3 April 2024

Is Europe headed for a financial crisis?


Doomsday scenarios are in high demand in Europe these days, which is understandable when there is no dearth of bad news coming down the wire. Forecasts for German economic growth were revised downwards once again this week, with expectations now at a meagre 0.1% GDP growth. France, the second-largest economy in the European Union, has apparently lost all control over its public finances and possesses debt levels exceeding 100% of GDP, a problem also faced by Greece, Italy, Portugal, Spain and Belgium. Put simply, some of Europe’s major economies are on an unsustainable economic trajectory, with a growing gap between government spending and revenues.

There are, however, some reasons for optimism. Poland, for example, has experienced a three-decade-long “economic miracle”, during which GDP more than tripled; if measured per capita, it almost quadrupled. This is a unique success story which does not receive the attention it deserves, largely because Left-leaning Western politicians are afraid that the economic success of a deeply conservative country could strengthen their domestic competition. Nevertheless, it shows that economic growth is possible — even in the often sclerotic EU.

Poland isn’t alone in this success. Sweden has tied state pensions to overall life expectancies, thereby ensuring assets will exceed liabilities in the national pension system. Meanwhile, Denmark enacted a governing reform in 2007 which reduced the number of municipalities from 271 to 98, with no municipalities representing fewer than 20,000 citizens. This allowed the Copenhagen government to make public services more efficient and fiscally sustainable.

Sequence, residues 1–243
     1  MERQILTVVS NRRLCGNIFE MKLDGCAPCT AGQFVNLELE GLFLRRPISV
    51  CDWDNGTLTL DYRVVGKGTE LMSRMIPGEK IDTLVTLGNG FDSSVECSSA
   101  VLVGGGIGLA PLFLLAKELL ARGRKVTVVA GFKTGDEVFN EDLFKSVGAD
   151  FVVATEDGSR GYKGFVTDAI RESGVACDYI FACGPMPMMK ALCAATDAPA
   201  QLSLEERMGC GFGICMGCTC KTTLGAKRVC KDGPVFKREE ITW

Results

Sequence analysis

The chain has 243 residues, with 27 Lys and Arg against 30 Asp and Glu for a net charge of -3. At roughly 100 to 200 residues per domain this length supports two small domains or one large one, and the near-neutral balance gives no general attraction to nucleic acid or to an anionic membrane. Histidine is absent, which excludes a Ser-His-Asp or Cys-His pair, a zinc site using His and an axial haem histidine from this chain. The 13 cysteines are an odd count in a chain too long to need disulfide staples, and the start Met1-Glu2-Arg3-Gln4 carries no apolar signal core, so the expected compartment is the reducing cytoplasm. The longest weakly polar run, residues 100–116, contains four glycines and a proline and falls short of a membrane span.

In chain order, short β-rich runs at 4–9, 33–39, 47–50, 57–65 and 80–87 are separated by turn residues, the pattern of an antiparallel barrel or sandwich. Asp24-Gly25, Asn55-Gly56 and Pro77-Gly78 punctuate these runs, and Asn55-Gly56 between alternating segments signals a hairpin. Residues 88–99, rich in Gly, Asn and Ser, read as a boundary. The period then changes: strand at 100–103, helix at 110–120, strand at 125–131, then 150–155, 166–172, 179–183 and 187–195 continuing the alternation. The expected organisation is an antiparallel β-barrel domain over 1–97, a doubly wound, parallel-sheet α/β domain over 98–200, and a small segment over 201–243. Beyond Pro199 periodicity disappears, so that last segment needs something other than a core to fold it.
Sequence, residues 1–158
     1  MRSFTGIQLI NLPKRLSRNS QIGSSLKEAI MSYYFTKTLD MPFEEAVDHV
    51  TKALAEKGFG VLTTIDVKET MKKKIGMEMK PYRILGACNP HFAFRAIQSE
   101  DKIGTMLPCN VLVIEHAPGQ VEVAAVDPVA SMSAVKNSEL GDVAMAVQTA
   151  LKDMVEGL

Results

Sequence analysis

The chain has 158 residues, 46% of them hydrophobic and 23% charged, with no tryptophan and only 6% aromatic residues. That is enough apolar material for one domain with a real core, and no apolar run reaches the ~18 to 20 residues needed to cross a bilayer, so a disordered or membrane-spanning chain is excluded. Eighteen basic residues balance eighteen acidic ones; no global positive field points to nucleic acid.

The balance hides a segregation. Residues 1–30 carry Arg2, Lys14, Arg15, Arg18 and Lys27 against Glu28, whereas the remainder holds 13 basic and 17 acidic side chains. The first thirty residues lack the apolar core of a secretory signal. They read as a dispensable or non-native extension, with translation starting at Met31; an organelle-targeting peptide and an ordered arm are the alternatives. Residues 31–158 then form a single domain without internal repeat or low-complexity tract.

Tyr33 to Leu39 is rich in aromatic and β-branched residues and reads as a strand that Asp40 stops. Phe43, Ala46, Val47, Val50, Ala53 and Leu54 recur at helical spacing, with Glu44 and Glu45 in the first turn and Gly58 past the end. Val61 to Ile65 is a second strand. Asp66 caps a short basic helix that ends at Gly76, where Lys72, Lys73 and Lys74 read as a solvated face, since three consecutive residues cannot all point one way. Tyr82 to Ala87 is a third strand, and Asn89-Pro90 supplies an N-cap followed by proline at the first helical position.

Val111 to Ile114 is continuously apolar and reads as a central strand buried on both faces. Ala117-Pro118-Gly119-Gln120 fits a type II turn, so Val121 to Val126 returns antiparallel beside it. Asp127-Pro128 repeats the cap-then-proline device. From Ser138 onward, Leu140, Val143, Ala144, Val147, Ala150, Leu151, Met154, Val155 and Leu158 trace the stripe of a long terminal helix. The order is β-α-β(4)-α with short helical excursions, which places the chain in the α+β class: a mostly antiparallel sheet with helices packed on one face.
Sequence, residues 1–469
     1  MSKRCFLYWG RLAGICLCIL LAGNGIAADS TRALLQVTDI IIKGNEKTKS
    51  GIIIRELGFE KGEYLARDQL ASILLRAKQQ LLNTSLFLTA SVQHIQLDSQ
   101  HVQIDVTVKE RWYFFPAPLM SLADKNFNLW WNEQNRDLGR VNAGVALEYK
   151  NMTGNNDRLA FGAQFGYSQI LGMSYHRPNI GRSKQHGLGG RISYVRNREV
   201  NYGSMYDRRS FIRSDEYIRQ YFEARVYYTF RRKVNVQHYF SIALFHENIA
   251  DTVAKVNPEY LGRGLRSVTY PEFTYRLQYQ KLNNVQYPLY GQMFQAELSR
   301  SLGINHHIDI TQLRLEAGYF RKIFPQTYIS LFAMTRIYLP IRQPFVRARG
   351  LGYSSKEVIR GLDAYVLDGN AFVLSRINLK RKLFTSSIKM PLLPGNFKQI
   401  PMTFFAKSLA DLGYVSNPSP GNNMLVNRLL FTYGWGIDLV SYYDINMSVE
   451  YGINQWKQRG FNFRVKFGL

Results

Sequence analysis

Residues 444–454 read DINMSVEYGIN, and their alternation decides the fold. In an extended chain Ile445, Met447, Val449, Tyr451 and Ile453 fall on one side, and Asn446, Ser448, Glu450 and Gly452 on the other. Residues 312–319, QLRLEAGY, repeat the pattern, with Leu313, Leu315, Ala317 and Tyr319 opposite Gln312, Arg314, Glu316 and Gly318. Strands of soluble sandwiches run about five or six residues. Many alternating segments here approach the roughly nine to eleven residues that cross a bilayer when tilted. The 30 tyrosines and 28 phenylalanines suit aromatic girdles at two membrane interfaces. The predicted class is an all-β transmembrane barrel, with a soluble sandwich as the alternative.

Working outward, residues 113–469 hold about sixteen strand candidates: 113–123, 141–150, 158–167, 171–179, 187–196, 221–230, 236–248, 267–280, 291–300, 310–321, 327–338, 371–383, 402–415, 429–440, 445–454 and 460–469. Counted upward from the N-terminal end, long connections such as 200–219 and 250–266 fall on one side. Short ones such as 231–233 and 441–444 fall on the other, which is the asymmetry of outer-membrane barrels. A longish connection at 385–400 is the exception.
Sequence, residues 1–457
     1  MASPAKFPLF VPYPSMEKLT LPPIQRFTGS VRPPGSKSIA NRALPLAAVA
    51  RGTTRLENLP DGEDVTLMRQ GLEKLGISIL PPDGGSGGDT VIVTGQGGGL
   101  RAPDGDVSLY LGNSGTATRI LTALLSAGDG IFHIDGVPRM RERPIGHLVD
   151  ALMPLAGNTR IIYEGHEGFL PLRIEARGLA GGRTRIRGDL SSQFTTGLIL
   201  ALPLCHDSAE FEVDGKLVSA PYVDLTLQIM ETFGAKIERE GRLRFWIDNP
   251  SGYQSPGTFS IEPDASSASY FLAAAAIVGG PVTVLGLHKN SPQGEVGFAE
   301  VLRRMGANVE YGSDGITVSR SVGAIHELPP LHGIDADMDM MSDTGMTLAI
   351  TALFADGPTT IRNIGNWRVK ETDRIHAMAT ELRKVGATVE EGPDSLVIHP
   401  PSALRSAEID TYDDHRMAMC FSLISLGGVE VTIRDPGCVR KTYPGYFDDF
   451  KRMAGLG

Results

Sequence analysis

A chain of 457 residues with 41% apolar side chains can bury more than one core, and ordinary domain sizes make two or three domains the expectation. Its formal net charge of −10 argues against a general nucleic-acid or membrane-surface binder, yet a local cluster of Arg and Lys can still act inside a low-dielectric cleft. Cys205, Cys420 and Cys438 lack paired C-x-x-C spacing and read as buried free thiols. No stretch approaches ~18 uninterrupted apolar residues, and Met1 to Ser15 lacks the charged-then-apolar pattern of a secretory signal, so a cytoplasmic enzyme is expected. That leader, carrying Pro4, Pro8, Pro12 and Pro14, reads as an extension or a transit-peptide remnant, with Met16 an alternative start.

The growing worries that Europe is heading for a renewed financial crisis are justified, but there are clearly a number of possible solutions which are already being pursued by smaller EU member states. One key problem is the inability of Paris and Berlin to address the decline of their domestic economies, and the unwillingness of Emmanuel Macron and Olaf Scholz to address the mostly homemade causes.

Bureaucracy and regulations need to be slashed, not expanded, in order to create incentives for capital formation and innovation. Retirement ages need to rise, especially since failed immigration policies which have mainly attracted unskilled labour will not solve the demographic time bomb coming for the pension systems. Finally, people need to be incentivised to work and not rely on government largesse — an issue that has been exacerbated by the current coalition government in Germany.

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